Citadel Sex Abuser Later Carjacked Cocaine Mule

Michael Arpaio lived on the lam under fake name until deadly carjacking.

Nov. 29, 2011 — -- The man at the heart of a Penn State-style sex abuse scandal at the Citadel is now in prison in Puerto Rico awaiting sentencing for his role in the kidnapping, robbery and murder of a cocaine courier by a SWAT team of fake federal law enforcement agents.

Former Marine Capt. Michael Arpaio, now 37, served 15 months in prison for molesting boys at the South Carolina military college's summer camp between 1995 and 2001. According to lawsuits filed against Arpaio, while a counselor he molested boys, gave them drugs and alcohol and made them watch while he had sex with a woman.

The camp closed in 2006 after the Citadel paid $3.8 million to five campers who said Arpaio had abused them. But alleged abuse at the camp is back in the news because of a fresh lawsuit by another alleged Arpaio victim, and because a second ex-counselor, Skip ReVille, now faces criminal charges of molesting nine boys -- alleged offenses that occurred long after the Citadel failed to tell authorities about a camper's complaint against ReVille.

Arpaio was released from prison in 2004. As part of his guilty plea, Arpaio, was supposed to register as a sex offender on his release. Instead, he seemed to disappear -- until the Charleston Post and Courier found him in federal custody in Puerto Rico.

After serving his time, Arpaio had returned to his home state of Georgia. Instead of registering as a sex offender, however, he moved to the U.S. possession of Puerto Rico and started using the name Michael Holland. He became part owner of a restaurant in the tourist district of Old San Juan.

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He lived in Puerto Rico for four years before federal authorities arrested him for failing to register as a sexual offender. He pled guilty to the offense and was sentenced to 15 months.

Carjacking By Fake Federal Agents

While Arpaio was in federal custody, however, authorities charged him with taking part in a drug-related murder, an audacious carjacking that ended in the death of a drug courier named Elis Manuel Andrades Telleria.

According to prosecutors, on May 21, 2008, Arpaio, AKA Holland, and his 11 codefendants, a group that included one former and two current police officers, "agreed to conduct a pretext stop" of a Toyota pickup driven by the victim "to steal from him a load of cocaine."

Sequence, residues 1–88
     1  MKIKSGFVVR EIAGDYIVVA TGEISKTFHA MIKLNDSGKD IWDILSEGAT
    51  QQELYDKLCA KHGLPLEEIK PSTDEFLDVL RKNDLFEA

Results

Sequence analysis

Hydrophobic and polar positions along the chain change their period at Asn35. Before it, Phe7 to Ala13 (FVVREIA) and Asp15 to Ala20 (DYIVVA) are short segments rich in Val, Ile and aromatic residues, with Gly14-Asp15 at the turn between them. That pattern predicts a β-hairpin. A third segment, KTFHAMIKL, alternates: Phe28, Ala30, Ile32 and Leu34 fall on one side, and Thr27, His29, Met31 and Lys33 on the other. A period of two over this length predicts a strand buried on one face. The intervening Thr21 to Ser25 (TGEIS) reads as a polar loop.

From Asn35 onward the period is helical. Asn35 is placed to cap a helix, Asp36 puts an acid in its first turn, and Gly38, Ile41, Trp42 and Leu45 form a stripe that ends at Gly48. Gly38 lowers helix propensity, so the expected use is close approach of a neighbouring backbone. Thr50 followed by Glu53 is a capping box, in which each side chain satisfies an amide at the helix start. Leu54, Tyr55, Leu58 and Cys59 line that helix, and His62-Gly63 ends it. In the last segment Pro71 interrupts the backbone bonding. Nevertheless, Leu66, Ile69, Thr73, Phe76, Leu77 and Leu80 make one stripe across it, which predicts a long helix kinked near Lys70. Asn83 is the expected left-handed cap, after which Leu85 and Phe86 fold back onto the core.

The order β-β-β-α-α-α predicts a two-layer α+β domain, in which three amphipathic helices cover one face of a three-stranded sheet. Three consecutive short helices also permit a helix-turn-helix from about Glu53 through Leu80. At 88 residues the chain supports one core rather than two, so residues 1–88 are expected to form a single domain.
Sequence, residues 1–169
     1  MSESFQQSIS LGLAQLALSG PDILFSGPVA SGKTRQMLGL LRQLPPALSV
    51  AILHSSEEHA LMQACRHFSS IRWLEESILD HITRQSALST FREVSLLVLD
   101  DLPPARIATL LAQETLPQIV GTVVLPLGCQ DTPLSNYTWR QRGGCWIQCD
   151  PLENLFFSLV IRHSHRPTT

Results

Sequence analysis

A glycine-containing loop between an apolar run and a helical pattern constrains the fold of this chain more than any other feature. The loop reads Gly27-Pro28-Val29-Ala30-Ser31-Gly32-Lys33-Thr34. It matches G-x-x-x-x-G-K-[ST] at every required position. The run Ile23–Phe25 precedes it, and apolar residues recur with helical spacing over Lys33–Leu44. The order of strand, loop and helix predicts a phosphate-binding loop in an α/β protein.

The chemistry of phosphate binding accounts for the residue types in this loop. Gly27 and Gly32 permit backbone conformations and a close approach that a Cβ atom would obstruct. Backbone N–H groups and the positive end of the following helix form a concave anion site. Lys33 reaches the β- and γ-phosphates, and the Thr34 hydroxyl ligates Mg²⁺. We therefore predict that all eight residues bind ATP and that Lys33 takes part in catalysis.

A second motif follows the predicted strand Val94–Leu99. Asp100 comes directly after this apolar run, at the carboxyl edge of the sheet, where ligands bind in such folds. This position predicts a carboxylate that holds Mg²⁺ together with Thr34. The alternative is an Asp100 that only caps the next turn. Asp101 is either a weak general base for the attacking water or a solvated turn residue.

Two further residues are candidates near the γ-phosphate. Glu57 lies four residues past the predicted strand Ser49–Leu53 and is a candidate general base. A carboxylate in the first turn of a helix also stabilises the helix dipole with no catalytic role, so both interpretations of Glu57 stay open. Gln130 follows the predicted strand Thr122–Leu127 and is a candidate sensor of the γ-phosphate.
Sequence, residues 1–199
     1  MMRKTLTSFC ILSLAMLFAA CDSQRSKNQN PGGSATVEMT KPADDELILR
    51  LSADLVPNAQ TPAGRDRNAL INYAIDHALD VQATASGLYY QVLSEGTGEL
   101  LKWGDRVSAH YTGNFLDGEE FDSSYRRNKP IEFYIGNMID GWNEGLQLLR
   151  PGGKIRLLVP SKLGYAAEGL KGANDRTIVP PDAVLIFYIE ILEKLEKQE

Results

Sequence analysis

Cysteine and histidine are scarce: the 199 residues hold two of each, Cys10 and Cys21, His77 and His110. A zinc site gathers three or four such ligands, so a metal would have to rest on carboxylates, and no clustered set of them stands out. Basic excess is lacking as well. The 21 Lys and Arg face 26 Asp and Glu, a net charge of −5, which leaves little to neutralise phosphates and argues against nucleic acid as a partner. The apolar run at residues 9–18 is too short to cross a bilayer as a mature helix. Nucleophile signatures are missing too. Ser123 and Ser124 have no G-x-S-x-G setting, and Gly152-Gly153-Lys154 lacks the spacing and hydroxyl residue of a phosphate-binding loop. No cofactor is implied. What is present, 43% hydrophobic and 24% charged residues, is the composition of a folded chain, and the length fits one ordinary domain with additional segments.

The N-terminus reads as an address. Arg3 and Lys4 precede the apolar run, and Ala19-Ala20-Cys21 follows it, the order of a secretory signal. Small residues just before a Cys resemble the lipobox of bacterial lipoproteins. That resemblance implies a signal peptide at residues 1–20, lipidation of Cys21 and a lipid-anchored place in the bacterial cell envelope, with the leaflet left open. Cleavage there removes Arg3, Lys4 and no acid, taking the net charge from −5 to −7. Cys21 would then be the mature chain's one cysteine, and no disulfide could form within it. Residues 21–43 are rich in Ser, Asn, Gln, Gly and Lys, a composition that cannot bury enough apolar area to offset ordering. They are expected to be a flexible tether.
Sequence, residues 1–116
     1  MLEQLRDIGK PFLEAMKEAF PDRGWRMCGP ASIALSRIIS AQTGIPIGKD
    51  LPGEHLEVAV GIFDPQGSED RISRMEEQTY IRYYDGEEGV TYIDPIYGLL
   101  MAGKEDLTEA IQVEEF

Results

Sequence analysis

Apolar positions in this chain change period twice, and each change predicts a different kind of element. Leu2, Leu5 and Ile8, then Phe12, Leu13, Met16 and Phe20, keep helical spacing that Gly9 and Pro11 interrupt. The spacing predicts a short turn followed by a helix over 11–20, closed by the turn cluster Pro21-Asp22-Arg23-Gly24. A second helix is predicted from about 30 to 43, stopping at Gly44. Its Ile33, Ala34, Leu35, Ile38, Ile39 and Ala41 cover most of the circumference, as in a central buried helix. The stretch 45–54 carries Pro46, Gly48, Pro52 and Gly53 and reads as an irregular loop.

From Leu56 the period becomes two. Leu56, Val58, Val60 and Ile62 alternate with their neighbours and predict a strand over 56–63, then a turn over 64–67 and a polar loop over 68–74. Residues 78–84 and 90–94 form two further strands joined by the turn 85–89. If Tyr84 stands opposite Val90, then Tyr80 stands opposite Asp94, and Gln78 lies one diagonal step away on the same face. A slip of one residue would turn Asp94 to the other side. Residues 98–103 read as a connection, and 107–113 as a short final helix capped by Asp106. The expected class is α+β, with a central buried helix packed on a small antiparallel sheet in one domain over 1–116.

After Police Officer Osvaldo Hernandez-Adorno, in uniform and driving his police vehicle, stopped the victim's truck, other defendants converged on the truck. They were dressed in black tactical uniforms and federal law enforcement hats, according to the indictment, in order to convince him that he was under arrest by federal agents. They allegedly pointed guns at him and relieved him of at least 14 kilos of cocaine.

The men then allegedly handcuffed Telleria, placed him in a Toyota Sequoia and drove him to an auto-body shop, where they grilled him about whether he had other narcotics or valuables. Arpaio followed behind in a third vehicle.

Some of the defendants, including Arpaio, then allegedly went to the victim's apartment, where they stole a gun, watches and two safe boxes, which they put in Arpaio's car.

Back at the auto-body shop, where Telleria still sat handcuffed in the back seat of the Sequoia, the defendants debated what to do with him. Four of them then got into the car "and asphyxiated Andrades Telleria using their own hands and a piece of rope."

According to the plea agreement, "co-defendants Michael Joseph Arpaio [and 2 others] were in the premises of the auto/body shop at the time the victim was killed but they did not participate in the murder. " Arpaio was also accused, along with a municipal police officer, of plotting the disposal of the body.

Arpaio pled guilty to one count of carjacking and is currently in federal custody awaiting sentencing. A spokeswoman for the U.S. Attorney's office in Puerto Rico told ABC News no sentencing hearing is currently scheduled." She refused to comment on what type of sentence prosecutors are seeking, though because of his past criminal history Arpaio's offense carries a possible life sentence. Arpaio's court-appointed attorney did not immediately respond to a request for comment.

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